The ultimate determinant of future Australian union effectiveness is definitely union membership growth and rank and file support for workplace based union organising. In this regard, a focus on the Grouper- inspired principle of rank and file engagement by unions would assist in union renewal. Having survived the monumental challenge posed by the stridently anti-union Howard led federal coalition government (1996 to 2007), the future viability of Australian unionism, while no longer under continuing immediate government threat, is not necessarily assured until union organisations engage with their rank and file base.

Social democracy is not a prescriptive ideology. Its implementation is dependant upon governments pursing humane policies which respect human dignity. It is with this goal in mind that Social Action Australia will provide commentary on public policy in the following spheres:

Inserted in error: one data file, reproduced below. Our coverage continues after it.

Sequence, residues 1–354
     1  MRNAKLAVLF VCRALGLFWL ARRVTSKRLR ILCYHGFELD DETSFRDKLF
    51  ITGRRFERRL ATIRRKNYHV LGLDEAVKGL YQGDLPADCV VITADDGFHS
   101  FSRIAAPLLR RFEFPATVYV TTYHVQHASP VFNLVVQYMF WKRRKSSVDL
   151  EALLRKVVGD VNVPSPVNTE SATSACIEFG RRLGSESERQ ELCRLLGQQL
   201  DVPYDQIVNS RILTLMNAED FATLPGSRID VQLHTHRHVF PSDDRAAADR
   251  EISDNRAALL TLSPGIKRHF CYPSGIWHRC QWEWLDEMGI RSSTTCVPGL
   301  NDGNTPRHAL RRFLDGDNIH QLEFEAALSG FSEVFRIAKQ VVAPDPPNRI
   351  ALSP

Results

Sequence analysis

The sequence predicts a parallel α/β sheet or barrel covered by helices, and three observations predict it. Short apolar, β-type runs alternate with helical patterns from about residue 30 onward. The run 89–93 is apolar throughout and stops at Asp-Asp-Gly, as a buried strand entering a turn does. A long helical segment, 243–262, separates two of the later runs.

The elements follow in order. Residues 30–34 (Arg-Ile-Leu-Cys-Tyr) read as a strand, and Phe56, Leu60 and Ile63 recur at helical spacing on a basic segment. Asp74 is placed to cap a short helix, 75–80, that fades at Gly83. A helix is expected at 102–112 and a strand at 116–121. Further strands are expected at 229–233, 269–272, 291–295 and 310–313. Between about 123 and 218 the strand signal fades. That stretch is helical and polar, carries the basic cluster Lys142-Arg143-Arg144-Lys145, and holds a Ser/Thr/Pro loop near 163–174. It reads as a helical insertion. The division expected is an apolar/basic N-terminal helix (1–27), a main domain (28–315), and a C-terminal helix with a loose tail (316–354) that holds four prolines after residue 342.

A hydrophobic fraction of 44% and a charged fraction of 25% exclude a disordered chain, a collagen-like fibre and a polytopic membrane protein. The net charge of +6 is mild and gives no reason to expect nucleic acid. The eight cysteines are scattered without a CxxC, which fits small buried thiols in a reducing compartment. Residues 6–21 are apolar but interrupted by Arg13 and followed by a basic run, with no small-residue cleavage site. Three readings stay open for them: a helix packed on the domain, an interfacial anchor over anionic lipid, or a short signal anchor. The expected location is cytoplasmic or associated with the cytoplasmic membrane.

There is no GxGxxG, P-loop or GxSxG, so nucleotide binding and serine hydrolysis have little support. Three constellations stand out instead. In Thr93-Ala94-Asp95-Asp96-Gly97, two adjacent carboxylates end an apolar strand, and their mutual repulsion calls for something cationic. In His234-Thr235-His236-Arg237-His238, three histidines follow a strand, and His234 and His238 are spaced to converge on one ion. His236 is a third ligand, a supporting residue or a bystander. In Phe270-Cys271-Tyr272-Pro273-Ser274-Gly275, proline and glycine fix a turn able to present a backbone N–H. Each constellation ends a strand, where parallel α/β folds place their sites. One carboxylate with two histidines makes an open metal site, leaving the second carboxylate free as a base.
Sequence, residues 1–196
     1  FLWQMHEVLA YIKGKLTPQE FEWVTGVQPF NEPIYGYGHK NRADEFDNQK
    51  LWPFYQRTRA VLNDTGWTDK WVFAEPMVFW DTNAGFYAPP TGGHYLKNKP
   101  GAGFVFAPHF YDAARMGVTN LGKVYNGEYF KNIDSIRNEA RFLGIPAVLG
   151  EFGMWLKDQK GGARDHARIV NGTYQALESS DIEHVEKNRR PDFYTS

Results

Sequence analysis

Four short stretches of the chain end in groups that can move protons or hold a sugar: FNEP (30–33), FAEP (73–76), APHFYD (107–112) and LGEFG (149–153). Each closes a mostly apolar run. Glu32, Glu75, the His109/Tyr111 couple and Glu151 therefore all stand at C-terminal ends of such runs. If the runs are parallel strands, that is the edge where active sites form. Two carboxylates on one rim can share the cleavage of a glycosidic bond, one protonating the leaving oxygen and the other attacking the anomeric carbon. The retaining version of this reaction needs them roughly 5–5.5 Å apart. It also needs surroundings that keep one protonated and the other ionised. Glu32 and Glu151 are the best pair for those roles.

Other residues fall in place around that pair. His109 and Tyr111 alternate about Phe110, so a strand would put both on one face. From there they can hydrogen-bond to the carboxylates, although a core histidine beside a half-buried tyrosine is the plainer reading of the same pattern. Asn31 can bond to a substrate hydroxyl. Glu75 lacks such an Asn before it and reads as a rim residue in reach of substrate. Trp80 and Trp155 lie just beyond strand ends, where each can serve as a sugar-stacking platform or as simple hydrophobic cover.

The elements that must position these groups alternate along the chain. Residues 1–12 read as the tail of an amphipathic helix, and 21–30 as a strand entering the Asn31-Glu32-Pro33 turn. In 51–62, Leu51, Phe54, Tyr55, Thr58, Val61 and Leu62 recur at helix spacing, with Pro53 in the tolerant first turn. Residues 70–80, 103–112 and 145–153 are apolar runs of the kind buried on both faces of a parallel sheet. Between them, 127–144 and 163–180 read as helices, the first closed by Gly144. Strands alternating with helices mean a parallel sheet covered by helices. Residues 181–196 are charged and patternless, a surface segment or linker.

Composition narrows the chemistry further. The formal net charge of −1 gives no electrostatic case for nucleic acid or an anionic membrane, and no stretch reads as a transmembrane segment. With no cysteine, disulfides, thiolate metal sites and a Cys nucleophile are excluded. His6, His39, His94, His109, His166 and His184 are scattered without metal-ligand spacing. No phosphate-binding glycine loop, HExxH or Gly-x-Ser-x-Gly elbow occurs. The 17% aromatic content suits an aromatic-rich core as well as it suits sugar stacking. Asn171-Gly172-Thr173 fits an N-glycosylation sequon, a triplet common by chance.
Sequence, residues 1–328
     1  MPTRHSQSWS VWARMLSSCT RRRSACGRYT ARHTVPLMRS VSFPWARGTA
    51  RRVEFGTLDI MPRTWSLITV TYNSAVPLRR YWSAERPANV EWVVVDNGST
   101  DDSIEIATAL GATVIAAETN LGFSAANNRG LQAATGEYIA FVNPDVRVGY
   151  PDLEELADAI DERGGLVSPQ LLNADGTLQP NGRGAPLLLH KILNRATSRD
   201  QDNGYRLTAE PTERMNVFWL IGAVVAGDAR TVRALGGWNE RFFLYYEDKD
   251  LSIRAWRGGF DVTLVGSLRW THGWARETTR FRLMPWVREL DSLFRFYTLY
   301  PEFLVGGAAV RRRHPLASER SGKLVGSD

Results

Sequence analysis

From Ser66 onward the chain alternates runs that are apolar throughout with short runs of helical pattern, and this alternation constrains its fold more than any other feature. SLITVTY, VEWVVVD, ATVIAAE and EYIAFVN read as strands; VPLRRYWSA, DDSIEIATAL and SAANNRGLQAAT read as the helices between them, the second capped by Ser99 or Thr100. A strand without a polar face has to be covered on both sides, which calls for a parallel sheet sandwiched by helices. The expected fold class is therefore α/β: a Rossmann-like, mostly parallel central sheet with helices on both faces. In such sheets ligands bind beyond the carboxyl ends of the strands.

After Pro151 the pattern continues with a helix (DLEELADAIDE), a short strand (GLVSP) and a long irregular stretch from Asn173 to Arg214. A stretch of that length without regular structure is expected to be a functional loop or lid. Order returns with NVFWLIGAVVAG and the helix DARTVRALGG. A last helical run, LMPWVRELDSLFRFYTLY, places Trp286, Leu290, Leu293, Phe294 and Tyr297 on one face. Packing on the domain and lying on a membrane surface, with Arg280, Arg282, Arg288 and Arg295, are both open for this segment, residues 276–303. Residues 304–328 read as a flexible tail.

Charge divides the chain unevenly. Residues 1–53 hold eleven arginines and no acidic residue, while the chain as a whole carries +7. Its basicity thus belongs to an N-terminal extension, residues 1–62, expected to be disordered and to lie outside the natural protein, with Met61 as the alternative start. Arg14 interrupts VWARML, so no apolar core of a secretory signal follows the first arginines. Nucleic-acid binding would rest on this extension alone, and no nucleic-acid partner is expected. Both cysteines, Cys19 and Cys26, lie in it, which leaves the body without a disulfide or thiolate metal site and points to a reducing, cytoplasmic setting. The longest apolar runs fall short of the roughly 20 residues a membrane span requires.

• Trade Unions - Industrial Relations
  • Bio-Ethical Issues
  • Women’s Issues
  • Federal-State Relations
  • The Environment
  • Education Policy
  • Economic Policy
  • ALP Matters and Contemporary Political Developments

A social democratic perspective is warranted because substantial elements within the ALP have received their initial ideological formation from the CPA! Left-wing acquiescence for the re-entry of the Grouper unions into the ALP in 1984 resulted in the Victorian branch of the CPA being allowed to enter the ALP en masse and consequently to form an inner party organisation called ‘Socialist Forum’. This organisation was led by the former communist Victorian leader, Bernie Taft, who had adhered to the strategy formulated by the influential Italian Marxist theorist Antonio Gramasci. Gramasci’s strategy envisaged that power transformation could be facilitated through communists gaining control of the levers of power: i.e. Marxist infiltration of trade unions, educational facilities, cultural associations and political parties.